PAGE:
Law, simply put, is the formal pronouncement of the rules which guide our actions. Legislatures, state and federal, make laws. So do local governments. Executive branches and agencies implement laws through regulations. Courts enforce and interpret laws and regulations and settle disputes through their decisions.
The output of these law making bodies goes into print and online resources. The material produced by these groups becomes much of what is in law libraries and what lawyers consult during their legal research. The collection of materials are referred to by specific terminology:
Outline of the U.S. Legal System, Bureau of International Information Programs, United States Department of State (PDF)
So how does someone find the relevant law? How do you identify specific documents in these reporters and codes? First, keep in mind there is a great difference between retrieving a known document and researching or trying to find documents that help you answer a legal question. If you have a citation to a specific legal document like a statute or a court decision it is fairly easy to retrieve that specific document. [See the Citations tab.] Conducting actual legal research is much more complex. The legal publishing world has created a number of research aids:
Precedent is based on stare decisis, which means “to stand on what has been decided". The principle developed in English common law and establishes that the decision of a court not only settles a dispute between the parties involved but also sets a precedent or model to be followed in future, similar cases. The idea is that we all benefit by the consistency of courts interpreting the same statute in the same way.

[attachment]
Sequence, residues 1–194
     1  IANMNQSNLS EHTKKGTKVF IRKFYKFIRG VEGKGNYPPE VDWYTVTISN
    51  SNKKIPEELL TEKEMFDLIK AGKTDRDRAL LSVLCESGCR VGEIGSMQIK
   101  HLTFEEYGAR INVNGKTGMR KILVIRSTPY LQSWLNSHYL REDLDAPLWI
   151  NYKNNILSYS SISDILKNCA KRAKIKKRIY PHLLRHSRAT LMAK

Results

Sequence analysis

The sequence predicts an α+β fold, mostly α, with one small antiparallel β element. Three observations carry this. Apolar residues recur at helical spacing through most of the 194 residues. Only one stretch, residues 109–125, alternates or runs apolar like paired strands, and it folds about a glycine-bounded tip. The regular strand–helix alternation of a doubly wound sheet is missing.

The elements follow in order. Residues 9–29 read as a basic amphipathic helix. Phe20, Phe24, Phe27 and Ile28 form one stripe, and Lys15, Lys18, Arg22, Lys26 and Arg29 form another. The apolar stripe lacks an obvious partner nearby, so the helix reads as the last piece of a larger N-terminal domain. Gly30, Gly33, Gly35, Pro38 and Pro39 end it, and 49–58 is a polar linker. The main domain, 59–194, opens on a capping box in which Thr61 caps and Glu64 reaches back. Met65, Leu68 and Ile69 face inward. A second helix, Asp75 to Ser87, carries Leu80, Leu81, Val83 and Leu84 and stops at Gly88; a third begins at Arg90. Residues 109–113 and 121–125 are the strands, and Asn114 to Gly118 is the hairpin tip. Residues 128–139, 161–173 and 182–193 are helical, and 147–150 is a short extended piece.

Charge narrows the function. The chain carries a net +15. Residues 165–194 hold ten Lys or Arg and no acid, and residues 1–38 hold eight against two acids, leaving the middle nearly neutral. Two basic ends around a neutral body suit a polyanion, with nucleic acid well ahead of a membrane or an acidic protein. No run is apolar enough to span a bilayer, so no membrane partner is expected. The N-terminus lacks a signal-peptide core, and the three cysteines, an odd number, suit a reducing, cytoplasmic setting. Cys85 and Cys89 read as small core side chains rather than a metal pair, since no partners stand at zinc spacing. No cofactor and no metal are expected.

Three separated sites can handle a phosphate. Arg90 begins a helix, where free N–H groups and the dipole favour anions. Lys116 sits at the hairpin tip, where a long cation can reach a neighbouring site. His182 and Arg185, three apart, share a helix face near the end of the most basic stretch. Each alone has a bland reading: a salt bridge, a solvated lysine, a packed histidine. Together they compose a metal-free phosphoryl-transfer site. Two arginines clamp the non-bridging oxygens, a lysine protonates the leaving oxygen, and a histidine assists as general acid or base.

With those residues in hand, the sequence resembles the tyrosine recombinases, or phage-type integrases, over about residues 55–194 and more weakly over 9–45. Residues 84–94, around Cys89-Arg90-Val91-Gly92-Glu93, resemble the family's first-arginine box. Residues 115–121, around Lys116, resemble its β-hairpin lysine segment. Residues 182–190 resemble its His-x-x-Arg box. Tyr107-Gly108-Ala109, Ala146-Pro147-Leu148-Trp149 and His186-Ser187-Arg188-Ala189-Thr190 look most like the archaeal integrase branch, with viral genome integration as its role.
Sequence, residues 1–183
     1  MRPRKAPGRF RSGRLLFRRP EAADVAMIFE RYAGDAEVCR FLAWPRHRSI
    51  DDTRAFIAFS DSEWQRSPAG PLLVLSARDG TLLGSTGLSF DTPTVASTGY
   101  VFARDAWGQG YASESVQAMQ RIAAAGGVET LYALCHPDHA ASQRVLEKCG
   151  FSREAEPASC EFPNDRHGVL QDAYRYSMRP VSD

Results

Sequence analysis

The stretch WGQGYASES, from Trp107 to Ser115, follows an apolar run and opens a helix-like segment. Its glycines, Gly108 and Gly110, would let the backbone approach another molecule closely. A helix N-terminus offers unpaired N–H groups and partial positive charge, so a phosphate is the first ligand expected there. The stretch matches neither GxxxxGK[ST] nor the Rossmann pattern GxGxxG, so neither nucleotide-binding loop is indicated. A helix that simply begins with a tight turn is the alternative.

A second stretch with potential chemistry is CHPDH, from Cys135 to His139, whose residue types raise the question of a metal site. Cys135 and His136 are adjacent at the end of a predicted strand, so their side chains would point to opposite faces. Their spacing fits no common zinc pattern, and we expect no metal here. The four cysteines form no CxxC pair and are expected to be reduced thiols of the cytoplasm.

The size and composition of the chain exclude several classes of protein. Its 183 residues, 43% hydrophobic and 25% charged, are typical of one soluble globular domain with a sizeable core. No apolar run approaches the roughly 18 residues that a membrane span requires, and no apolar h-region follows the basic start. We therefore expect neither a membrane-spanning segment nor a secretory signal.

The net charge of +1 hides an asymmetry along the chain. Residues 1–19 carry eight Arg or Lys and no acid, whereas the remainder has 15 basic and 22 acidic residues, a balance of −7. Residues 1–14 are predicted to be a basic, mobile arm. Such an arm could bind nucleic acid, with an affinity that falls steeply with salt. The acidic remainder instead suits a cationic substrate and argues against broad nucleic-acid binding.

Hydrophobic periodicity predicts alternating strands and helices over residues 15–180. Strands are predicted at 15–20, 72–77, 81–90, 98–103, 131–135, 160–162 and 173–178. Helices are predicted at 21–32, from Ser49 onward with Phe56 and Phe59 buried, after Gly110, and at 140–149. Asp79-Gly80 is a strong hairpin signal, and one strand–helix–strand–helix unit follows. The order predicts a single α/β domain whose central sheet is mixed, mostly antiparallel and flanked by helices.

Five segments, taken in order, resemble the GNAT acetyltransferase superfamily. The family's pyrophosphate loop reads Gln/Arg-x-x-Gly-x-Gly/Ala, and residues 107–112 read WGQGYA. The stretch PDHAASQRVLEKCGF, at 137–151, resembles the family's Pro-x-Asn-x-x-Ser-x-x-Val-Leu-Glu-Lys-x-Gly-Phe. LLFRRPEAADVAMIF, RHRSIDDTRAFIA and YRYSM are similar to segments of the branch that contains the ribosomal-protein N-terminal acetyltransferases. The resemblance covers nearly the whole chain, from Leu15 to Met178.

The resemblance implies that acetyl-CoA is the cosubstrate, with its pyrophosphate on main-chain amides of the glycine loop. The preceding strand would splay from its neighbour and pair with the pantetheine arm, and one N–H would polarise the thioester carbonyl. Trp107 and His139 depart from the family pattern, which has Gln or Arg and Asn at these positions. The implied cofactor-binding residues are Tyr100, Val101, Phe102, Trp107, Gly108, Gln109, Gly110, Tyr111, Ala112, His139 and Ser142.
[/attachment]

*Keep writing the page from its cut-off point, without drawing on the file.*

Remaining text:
A decision is binding authority (also called mandatory or controlling) on the court that issued the decision and on lower courts in the same jurisdiction for the disposition of factually similar controversies. In a hierarchical system like our state and federal court systems, the decision of a trial court can bind future decisions of that trial court, but the decisions do not bind other trial courts or appellate courts. Appellate courts can bind themselves and lower courts over which they have appellate jurisdiction, but appellate courts cannot bind each other by their decisions.
Another important principle in our legal system is that of jurisdiction.
Jurisdiction is power, the power or authority of the court to decide a matter in controversy. The authority to compel witnesses to testify or command people to turn over documents or property, or to jail them for contempt. Jurisdiction is established in constitutions and by statute and is usually done geographically or by subject.
There are some matters over which a state or federal court has exclusive jurisdiction and some matters over which a state court has concurrent jurisdiction with the federal courts. Federal courts can, in some instances, decide questions of state law; state courts can, in some instances, decide questions of federal law. Sometimes it might be difficult to determine which matters are questions of federal, or state law, or both.
The final concept is the court structure. In general, there are trial courts and appellate courts.
When a case is appealed to an appellate court, both parties submit written briefs that contain a summary of the facts and arguments on the points of law involved, and the court may hear oral arguments by the attorneys. The court then issues an opinion which states the legal basis for the decision.
If the case is decided by an intermediate appellate court, the losing party may be able to appeal one more time. This second appeal is usually at the discretion of the higher court.